The NHL isn’t the only one who uses the All-Star Game as a lab to test different things that could find its way into the game in the future.
This weekend’s events in Toronto are also a chance for ESPN and Sportsnet to experiment with coverage ideas that could be implemented down the line during the regular season and Stanley Cup playoffs.
“We generally look at the opportunities of these tentpole events (like the All-Star Game and Stadium Series) as an opportunity to look at access and what it gives you,” said Linda Schulz, the coordinating producer for ESPN’s NHL coverage. “We have more content like players in the locker room and getting interviews. It’s also an opportunity for the players and the league to see how comfortable that is and how that works out for them.”
The NHL has allowed more access to in-game interviews of coaches, along with pre-game interviews of players at ice level during warmups. However, more locker room access remains something all broadcasters are fighting for no matter what the league or sport.
This season, the NHL has allowed backup goalies to be interviewed during the game. As Schulz noted, it’s something they’ve only done a few times so far.
“We expect to do it more because of the access and perspective that the backup goalie can give us while action is going on,” she said.
In terms of camera angles and other new technology, ESPN won’t be experimenting that much this year since the game is in Toronto and Sportsnet is the primary broadcaster.
The biggest change the league and ESPN implemented is the retooled skills competition on Friday night. After getting input from the players, gone are the carnival-type rounds that took place in past years. It’s replaced by a format that shows off who has the best all-around skills in the league.
The new format features 12 all-stars competing for points in four of six events (fastest skater, hardest shot, stick handling, one timers, passing and accuracy shooting). The field is then reduced to the top eight, who will take part in a shootout, and then to the final six, who will compete in an obstacle course worth double the points. The winner of the event will earn $1 million.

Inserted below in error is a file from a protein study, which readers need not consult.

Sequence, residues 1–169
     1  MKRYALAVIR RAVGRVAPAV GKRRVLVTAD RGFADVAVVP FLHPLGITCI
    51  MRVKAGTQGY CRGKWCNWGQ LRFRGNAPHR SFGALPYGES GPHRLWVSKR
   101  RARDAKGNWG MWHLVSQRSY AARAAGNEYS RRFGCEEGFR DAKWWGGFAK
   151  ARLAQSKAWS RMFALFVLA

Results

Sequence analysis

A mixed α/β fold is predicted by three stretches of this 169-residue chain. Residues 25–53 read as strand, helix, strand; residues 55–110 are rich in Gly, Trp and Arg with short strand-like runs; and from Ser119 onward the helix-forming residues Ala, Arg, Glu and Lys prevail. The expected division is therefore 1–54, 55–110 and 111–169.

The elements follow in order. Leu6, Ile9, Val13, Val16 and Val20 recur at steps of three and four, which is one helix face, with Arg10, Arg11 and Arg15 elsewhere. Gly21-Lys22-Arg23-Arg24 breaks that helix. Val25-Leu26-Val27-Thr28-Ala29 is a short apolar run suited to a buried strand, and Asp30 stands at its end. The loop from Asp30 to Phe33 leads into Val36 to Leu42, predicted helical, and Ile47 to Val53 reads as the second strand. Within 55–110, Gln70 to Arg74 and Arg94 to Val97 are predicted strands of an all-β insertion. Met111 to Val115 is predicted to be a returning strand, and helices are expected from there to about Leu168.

John Buccigross will call the skills contest for the third straight year. He’s interested to see if the competition level will increase with the prize money on the line.
“The players are the ones that make it. They have to take it seriously. They have to go all out. Kind of like when I grew up as a kid, the all-star games of the late 70s, 80s, even 90s were competitive and then it started to wane,” he said. “In the end, sport sells competition and the players have to bring it.”
P.K. Subban, who will conduct locker room interviews and serve as an on-ice commentator during the skills challenge, lauded the league for talking to the players.
“You’re making it very easy to put on the show. They’re going to feel comfortable. Not only that, they’re going to be excited about it,” he said. “I think all the adjustments have come from the right place.”
Steve Mayer, the NHL’s chief content officer and senior executive vice president, thinks the new format will be easy for fans to follow.
“That has been a slight criticism of the past. I think this year you’re going to know, after every single event who’s leading, who needs points, who advances to the end. So hopefully, we have some suspense there,” he said.
The skills competition will be broadcast on ESPN, and Saturday afternoon’s All-Star Game will be on ABC.
ESPN heads into the All-Star break with momentum of its own. Ratings are up 40% over last year, with a 560,000 viewer average for the 17 games on ESPN and ABC.
The network and NHL are hoping ratings for the All-Star Game continue to rebound. Last year’s game on ABC averaged 1.5 million viewers, which was a 31% increase over 2022 and stopped five straight years of declining audiences.
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